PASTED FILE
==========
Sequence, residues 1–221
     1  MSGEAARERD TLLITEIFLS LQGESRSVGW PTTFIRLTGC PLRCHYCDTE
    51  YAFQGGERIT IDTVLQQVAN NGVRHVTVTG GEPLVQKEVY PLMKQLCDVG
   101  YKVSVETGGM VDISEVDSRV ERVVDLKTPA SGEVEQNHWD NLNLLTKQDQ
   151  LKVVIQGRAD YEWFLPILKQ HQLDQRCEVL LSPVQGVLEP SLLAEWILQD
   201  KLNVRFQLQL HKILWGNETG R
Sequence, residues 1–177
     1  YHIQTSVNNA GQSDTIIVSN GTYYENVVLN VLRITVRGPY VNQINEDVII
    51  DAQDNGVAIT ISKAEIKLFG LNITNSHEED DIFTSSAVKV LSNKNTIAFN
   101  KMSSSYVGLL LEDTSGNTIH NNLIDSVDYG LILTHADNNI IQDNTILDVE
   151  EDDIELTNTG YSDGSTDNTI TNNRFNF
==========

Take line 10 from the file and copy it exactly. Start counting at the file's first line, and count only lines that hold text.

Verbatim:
   101  KMSSSYVGLL LEDTSGNTIH NNLIDSVDYG LILTHADNNI IQDNTILDVE